An anthropologist is a person engaged in the practice of anthropology. Anthropology is the study of aspects of humans within past and present societies.[1][2][3] Social anthropology, cultural anthropology, and philosophical anthropology study the norms and values of societies. Linguistic anthropology studies how language affects social life, while economic anthropology studies human economic behavior. Biological (physical), forensic, and medical anthropology study the biological development of humans, the application of biological anthropology in a legal setting, and the study of diseases and their impacts on humans over time, respectively.


Anthropologists usually cover a breadth of topics within anthropology in their undergraduate education, and then proceed to specialize in topics of their own choice at the graduate level. In some universities, a qualifying exam serves to test both the breadth and depth of a student's understanding of anthropology; the students who pass are permitted to work on a doctoral dissertation.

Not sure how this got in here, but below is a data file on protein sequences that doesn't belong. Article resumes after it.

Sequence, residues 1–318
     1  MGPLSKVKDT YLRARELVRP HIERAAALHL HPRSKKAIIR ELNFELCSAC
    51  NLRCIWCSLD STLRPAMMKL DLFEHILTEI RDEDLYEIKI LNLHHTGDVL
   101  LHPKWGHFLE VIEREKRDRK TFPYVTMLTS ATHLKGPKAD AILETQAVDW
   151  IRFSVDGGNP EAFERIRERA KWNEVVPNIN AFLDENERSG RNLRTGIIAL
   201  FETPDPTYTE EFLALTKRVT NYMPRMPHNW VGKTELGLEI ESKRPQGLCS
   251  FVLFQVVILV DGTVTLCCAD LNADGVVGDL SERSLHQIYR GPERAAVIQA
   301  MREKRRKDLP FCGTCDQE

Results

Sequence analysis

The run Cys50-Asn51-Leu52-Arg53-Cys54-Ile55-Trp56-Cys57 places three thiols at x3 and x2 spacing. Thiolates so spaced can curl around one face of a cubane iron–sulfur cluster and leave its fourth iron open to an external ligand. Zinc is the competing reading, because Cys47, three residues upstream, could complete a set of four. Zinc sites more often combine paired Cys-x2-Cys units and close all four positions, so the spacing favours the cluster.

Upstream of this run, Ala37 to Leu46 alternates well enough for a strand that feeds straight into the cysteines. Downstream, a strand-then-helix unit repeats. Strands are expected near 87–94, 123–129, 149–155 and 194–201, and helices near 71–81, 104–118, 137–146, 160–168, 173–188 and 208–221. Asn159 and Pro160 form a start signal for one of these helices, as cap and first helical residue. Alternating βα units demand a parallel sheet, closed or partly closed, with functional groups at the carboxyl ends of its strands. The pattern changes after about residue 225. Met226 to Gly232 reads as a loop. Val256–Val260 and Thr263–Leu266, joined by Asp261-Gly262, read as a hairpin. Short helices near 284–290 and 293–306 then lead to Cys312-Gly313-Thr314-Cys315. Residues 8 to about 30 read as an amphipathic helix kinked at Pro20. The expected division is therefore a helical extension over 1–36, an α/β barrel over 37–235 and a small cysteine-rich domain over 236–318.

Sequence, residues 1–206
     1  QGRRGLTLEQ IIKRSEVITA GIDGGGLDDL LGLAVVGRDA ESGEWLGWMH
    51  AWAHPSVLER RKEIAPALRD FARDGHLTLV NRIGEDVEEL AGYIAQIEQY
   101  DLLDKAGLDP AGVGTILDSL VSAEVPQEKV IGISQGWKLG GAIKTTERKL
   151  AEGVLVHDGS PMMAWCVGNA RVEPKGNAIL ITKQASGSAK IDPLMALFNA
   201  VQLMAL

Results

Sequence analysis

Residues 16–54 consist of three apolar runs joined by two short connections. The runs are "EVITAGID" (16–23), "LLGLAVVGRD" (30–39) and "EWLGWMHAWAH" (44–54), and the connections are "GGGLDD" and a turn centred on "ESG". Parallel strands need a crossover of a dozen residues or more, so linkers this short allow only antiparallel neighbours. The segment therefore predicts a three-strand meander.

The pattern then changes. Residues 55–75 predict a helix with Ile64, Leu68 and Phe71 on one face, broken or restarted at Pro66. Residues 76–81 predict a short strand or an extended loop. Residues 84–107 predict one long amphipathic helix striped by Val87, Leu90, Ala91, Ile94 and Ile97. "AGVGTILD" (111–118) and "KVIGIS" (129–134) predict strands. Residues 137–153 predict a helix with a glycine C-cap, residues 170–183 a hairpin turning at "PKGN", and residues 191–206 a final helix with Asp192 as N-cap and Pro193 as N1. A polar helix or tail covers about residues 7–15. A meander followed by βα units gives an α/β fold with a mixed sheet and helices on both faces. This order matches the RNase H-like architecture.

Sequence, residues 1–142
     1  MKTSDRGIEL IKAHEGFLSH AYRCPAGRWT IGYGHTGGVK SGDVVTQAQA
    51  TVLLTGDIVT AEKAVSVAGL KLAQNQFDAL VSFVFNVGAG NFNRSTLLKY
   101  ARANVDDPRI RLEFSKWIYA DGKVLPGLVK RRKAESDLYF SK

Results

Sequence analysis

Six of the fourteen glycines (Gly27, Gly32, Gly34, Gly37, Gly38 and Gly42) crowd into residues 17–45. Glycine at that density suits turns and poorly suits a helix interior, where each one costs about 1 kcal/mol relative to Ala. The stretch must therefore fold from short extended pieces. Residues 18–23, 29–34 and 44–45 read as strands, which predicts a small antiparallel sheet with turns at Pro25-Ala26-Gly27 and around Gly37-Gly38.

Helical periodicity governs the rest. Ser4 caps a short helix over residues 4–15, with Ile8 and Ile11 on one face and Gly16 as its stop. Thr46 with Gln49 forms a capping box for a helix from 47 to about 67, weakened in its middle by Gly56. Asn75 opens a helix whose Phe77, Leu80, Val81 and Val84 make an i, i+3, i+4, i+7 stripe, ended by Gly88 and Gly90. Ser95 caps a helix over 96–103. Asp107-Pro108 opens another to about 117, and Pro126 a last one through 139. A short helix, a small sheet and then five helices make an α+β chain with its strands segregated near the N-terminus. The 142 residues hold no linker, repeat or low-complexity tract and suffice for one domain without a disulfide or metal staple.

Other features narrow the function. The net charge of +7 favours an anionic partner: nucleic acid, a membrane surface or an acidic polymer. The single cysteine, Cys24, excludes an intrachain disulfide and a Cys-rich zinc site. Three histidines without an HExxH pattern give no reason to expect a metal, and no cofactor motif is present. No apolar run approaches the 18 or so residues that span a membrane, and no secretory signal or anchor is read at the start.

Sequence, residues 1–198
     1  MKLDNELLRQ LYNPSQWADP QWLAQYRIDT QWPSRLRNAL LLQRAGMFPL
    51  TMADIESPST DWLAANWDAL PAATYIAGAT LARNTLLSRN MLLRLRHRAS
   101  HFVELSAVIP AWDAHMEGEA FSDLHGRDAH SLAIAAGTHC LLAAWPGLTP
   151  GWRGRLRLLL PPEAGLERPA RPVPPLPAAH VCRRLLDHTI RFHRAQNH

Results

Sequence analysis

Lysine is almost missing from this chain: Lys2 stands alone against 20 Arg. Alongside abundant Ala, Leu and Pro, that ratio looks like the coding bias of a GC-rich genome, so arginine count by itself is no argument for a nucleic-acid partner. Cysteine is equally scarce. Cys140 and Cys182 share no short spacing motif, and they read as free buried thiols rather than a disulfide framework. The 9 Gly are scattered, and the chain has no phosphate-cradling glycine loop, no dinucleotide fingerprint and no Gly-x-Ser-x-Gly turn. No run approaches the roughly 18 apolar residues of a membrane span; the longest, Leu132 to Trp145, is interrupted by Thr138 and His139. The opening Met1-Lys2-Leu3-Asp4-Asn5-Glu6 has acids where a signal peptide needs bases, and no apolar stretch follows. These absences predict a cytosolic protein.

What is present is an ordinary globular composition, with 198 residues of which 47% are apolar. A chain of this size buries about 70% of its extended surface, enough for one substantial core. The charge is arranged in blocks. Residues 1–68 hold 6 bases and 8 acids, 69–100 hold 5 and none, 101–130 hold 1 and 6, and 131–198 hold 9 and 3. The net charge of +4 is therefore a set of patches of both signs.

Anthropologists typically hold graduate degrees, either doctorates or master's degrees. Not holding an advanced degree is rare in the field. Some anthropologists hold undergraduate degrees in other fields than anthropology and graduate degrees in anthropology.[4]

Other Languages
asturianu: Antropólogu
català: Antropòleg
español: Antropólogo
euskara: Antropologo
Basa Jawa: Antropolog
occitan: Antropològ
português: Antropólogo
română: Antropolog
slovenščina: Antropolog
Soomaaliga: Anthrobologist
svenska: Antropolog
українська: Антрополог